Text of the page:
LAS VEGAS (KTNV) — Nevada lawmakers are taking up an issue that could impact the state's workforce as an assembly bill up for debate is looking at raising the minimum wage.
Workers with health benefits who currently make $7.25 an hour would increase 75 cents every year until it hits $11 an hour, according to the proposed bill.
While workers without benefits who currently make $8.25 an hour would have their rates also go up by 75 cents per year until they hit $12 an hour.
Brandon Martin, a worker in Nevada, says he deserves a say in the minimum wage debate, as his paycheck is at stake.
Martin said he is the sole provider for his wife and children and does it making $9 an hour.
"Some days I wake up, and I don't know how I am going to make it through," Martin said.
The full-time worker said he is also going to school to pursue his dream of becoming an EMT and is tired having to 'just make it.'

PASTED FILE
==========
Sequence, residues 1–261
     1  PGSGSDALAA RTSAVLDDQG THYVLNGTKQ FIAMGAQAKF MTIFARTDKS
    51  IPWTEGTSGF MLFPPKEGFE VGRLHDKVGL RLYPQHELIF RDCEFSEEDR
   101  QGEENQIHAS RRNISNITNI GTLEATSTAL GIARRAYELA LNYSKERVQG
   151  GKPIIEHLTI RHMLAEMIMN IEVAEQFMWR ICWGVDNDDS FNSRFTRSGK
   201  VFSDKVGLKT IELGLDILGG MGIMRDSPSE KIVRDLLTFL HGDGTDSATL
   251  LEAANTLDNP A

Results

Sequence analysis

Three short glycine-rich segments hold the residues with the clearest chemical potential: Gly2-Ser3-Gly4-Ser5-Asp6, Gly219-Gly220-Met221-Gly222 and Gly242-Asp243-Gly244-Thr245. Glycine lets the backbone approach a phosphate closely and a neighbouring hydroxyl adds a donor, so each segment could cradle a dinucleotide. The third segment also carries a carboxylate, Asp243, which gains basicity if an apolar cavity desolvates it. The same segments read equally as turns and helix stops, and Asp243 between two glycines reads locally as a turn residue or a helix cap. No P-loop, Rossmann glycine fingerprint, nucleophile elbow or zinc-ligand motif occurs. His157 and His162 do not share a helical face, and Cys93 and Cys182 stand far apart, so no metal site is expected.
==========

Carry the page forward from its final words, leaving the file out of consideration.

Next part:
"As I go through the month, I try to stop by the local food pantry, it's right down the street from my apartment," Martin said, "I walk there, go grab what I can and make it work."
He told 13 Action News he hopes people in power will listen, but in the meantime, his faith is getting him through.
"I know my day is coming, you know and I'm just going to be patient and wait for that day to come," Martin said.
The last time Nevadans' saw an increase in wage was back in 2011.
Also, workers at the hearing said rent continues to increase in Las Vegas, so why aren't their wages?
Jim Rees, co-owner of Hash House of a Go-Go, said before the legislature makes any changes, Tip Credit needs to be understood.
Tip Credit is when an employer can pay workers below minimum wage as long as their tips bring them back to that level.
Rees said Nevada is one of seven states that does not allow that.
"That is what creates a huge issue for a full-service restaurant in Nevada,' he said.
Mimmo Ferraro, the owner of Pizza Forte, has found a way to pay more than the minimum, but that's only because he does not have an extensive amount of staff.
"Everybody is making $12 an hour, you know but I don't have 75 employees," Ferraro said.
Ferraro also said his second business, however, would take a hit. He said giving it across the board to bartenders or servers would eventually mean he'd have to raise prices on his menu.
Should Assembly Bill 456 pass, the first increase in the minimum wage will go up in January 2020.